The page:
There’s something about brothers—twins even—that the Pittsburgh Steelers really seem to love. They already play host to three of the most well-known pairs of NFL siblings in the NFL right now, with Maurkice Pouncey, Terrell and Trey Edmunds, and of course T.J. and Derek Watt.
And they added to that total with the 2020 NFL draft, selecting two pairs of twins—though in only one of them are both siblings in the NFL. You’ve probably already heard of Carlos Davis and his twin brother, Khalil Davis, who was drafted earlier on by the Tampa Bay Buccaneers. But fourth-round pick Kevin Dotson is also a twin, his brother being Kenny Dotson.
“Having a twin, you are born with a best friend already”, he told Teresa Varley recently. “You have a head start on everybody else. Having that close bond, I wouldn’t trade it for anything in the world. He is the person I am closest to. Everything we have done we have done together”.
We have seen how big that bond could be even within sports. The Watt brothers are training together right now. So are the Edmunds brothers. Even the Davis brothers have divided their house so that they each could work their virtual meetings with their new teams, and then train together when applicable.
“That’s the closest you could ever get to someone”, Davis said of the bond that he shares with his brother. “The weirdest bond you could ever have is being a twin. You pick up on things that the other does. You do certain things without realizing the other person did it. You have a feel for it”.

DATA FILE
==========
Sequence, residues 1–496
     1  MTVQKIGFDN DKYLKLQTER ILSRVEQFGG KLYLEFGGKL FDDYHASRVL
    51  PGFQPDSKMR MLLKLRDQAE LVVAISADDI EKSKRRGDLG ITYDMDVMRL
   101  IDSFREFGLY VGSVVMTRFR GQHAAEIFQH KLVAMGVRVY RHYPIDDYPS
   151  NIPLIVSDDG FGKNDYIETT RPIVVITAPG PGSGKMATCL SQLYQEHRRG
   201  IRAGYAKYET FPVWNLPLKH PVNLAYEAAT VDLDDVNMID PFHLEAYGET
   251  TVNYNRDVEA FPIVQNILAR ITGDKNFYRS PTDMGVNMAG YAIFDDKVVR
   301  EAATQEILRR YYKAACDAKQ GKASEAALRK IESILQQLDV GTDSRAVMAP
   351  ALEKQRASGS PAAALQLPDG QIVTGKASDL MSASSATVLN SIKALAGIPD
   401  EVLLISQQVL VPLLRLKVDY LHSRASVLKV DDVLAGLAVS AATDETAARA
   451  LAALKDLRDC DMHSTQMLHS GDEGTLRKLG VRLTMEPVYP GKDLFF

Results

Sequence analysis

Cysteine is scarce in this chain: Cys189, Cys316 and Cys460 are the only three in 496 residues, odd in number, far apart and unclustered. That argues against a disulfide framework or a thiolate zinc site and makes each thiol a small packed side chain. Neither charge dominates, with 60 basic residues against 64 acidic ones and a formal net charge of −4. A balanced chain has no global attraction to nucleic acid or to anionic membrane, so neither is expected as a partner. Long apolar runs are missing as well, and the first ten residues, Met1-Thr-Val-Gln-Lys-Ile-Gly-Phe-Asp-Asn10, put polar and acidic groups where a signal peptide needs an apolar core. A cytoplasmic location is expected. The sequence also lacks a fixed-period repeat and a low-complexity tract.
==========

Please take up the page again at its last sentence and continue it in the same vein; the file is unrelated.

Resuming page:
I’m not a twin, so of course I could never relate or compare, but it’s certainly something to wonder about. Not even the Watts and Edmundses understand what that’s like, but Pouncey does, with his identical twin brother, Mike Pouncey.
Siblings share a bond that nobody else can ever relate to, fully, sharing genetic information. Fraternal twins have an even more direct bond, and then identical twins, who originate from one common fertilized egg, take it to another level.
“I don’t know if I could have done it without having a best friend there along the way”, Davis said about rising to the top of his craft. “There were some hard times there. It was always nice to have someone there to reassure you. I knew if he didn’t give up, I wasn’t giving up”.
He and his identical twin brother played alongside each other on Nebraska’s defensive line for the past few years before coming out in the draft. Now Carlos is heading to Pittsburgh and Khalil will be heading to Tampa Bay when training camp opens up.
Until then, however, they will have had this quarantine time to share the first leg of their NFL journey together, whereas in any other offseason they would have already been separated. Having no physical offseason is a major setback, but having your brother with you going through the same thing, even with another team, is a hidden advantage as well.